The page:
My father is a goldsmith. When he got a job at Masjid Bunder, we moved to Bombay from Calcutta. I was three then, and have lived here since. I studied up to my second year of Bcom at PN Joshi College, which was very nice - they gave me clothes and financial help. Our family, however, did not want to educate its girls too much; they were afraid of not finding grooms who were more educated.
When my marriage was arranged, l was very upset. My Maharashtrian friends would work for a year after graduation and then marry - mera bhi sapna yehi tha. Nobody asked me my opinion though; they knew if asked, l would say no to marriage. My father knew l had all these ideas about social change - l wanted to change the world, and doubted l'd be able to once l was married. Then again, l could understand my father's point - he had four daughters to marry and l was the eldest. If l did not marry first, there would be problems for the rest.
After marriage, my husband got his own room. We did not have any financial problems. He worked at Masjid Bunder as well. As l was the chhoti bahu, everyone loved me a lot. I had no major responsibilities.
Six months after the wedding, my husband started getting high fevers. I was pregnant at that time and with my parents. I had a baby boy at the hospital and everyone, except for my husband, came to see me there. Three days later they told me he had malaria and had been hospitalized. They discharged him shortly, but he did not recover. His fever used to go so high that if you touched him, haath chatak jaata. Daddy thought that he should go to Calcutta for treatment, and accompanied my devar to take him there. He would be better looked after in his own home, since l had a full time job attending to our child here. I was very worried.
A month later, however, he was still very ill, and daddy went to Calcutta and brought him back. I was shocked on seeing him: he had lost his hair, was looking very dark, and had become very weak. He did not even respond to our family doctor's medication, who became suspicious and suggested a blood test. He tested HIV positive.
I asked my jeth for money for his medicines, but he made nothing but empty promises, and provided no real support. He works in a factory and his income is around Rs10,000. Bhai ka farz banta hai dekhne ka. In the meantime, my husband would fight with my saas, who got fed up and went home to the village.
At this point l began to look around for work, which was a very difficult thing. When l said, "l need it, my husband is ill and l have a small child,' they would tell me, "Don't come, your mind will be on your problems at home!" Eventually, l found a job in a school and would work from 7.30 to 4. I had to manage my workload as well as my husband's health. I had had myself tested with him and knew that l was positive too. My attention was on my husband. He was always sad and becoming increasingly weak.
Itna dukh jhelte jhelte, he decided to return to Calcutta. It was my father, again, who organized his travel and took him there. He couldn't even stand, and it must have been very difficult to manage him along with their luggage. One day, they phoned from there to say that he is very, very serious and that l should come instantly. I panicked because there was no money to travel - l had lost the job, as it had been only a temporary one. I was under tremendous pressure and was also getting ill: I would vomit whatever l ate, have a heavy head, and suffer burning fevers at night. I had started giving tuition's at home, but could barely manage with that income.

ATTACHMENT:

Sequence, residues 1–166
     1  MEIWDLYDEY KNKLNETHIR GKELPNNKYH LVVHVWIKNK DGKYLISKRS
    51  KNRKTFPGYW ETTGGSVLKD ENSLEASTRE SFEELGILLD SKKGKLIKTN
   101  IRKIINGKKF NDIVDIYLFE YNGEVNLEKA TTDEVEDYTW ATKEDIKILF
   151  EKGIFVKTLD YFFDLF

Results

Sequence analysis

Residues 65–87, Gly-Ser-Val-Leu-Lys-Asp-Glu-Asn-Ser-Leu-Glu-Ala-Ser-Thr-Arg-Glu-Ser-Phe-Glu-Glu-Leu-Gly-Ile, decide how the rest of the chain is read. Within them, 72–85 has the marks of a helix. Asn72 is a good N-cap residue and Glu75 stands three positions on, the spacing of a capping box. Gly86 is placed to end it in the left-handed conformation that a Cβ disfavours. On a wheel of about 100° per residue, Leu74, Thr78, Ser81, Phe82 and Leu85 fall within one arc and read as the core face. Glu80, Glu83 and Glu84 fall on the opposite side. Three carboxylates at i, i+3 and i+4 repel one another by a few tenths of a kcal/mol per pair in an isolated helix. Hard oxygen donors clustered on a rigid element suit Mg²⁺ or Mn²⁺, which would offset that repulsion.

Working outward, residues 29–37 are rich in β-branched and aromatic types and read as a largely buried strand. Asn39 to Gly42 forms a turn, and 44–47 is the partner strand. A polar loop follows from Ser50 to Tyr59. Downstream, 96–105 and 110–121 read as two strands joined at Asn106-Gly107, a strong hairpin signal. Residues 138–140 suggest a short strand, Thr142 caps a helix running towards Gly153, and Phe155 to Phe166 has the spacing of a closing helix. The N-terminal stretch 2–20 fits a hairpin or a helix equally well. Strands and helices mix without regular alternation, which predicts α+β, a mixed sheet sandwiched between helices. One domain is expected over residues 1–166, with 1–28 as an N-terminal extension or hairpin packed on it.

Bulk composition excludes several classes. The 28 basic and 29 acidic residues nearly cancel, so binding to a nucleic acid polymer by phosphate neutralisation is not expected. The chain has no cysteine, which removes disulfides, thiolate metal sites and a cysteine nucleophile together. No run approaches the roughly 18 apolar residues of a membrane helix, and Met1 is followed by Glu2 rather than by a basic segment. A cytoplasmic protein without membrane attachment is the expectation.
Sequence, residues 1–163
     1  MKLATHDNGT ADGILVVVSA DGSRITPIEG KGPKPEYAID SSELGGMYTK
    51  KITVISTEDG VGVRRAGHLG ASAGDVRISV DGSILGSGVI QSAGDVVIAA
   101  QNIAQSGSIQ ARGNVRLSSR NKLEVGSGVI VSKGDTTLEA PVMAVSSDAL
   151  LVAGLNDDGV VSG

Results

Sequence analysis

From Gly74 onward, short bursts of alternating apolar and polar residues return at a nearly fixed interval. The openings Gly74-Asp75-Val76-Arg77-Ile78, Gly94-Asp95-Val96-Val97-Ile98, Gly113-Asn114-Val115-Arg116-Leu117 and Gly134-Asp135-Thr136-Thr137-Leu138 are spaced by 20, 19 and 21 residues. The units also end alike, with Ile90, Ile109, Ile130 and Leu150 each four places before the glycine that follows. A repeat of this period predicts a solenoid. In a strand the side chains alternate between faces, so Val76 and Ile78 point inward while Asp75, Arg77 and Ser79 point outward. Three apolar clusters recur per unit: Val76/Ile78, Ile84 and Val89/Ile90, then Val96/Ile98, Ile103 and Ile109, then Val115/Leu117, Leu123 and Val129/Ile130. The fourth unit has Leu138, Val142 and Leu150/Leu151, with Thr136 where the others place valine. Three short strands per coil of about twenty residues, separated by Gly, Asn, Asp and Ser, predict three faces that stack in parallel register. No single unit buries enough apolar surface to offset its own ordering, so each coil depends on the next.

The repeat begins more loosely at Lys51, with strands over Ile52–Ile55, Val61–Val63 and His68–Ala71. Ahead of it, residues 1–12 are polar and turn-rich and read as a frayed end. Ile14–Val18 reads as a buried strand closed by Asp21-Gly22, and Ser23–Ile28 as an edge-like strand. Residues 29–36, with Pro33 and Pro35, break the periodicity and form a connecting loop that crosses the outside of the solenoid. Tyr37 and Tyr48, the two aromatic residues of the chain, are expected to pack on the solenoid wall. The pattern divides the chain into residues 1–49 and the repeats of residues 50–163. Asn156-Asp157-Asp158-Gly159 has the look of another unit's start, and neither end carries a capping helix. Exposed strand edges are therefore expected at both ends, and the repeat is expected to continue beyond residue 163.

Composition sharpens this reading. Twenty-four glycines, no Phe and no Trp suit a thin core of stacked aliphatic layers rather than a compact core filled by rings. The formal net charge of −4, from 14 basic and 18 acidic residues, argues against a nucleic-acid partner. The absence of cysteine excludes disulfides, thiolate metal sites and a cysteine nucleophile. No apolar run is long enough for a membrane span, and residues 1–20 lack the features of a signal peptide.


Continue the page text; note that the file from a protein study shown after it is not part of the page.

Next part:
That Sunday night, they phoned to say that he had expired. My father borrowed more money for me to travel and took care of all other expenses as well. In Calcutta, they did all the last rites. My jeth gave only five hundred rupees. He earns so much money, why couldn't he help? During illness, you really realize who your true friends are - sab ulat jaata hai. The only thing my mother-in-law told me was not to get married. She told me nicely and we did not discuss it.
I got a lot of support from my parents. I sold off my TV, the cupboard, bed, and paid off all the debts my father had taken during his illness. I did this Montessori course and with Dr. Bora's help, have reached here today. I have been through a lot - my brother-in-law did not help at all. On returning from Calcutta, my devar demanded a huge sum of money he claimed my husband had borrowed from him. I did not know of any such money, and that's probably why he approached my father and not me.
Nobody knows that my husband died of AIDS or that l am positive. My parents have taken care to see that it does not spread. I hink my husband's family did not want to spend because they didn't see the point in it. I knew about HIV and AIDS before all this. It is all over TV and in the magazines. But l only knew about the way it spreads. There is a stigma attached to AIDS. Then again, l doubt that my husband's family would have helped if he had cancer instead.
As a diamond setter in Masjid Bunder, my husband was overworked and underpaid. And when he got back home, he had to do everything himself. It could happen to anyone who lives alone. I feel guilty for torturing him. Now l realize that 'going astray' was only normal. He was a nice man. I knew even then that it was not fair to get upset with him, but l would all the same.
My husband was a very emotional person. One day a man came to the house begging for money. He said he would look at our hands and tell us our fortunes. My husband sat and talked to him. I told him l did not approve of all this nonsense palm reading and that he was just fooling us. He made the man tea and gave him fifty rupees! I used to scold him a lot. He had to make voters' cards. He spent one full day going to this office, that office, spent a would lot of money and got nothing done. When l went, l managed it in one day. I was never afraid of him… l was the boss!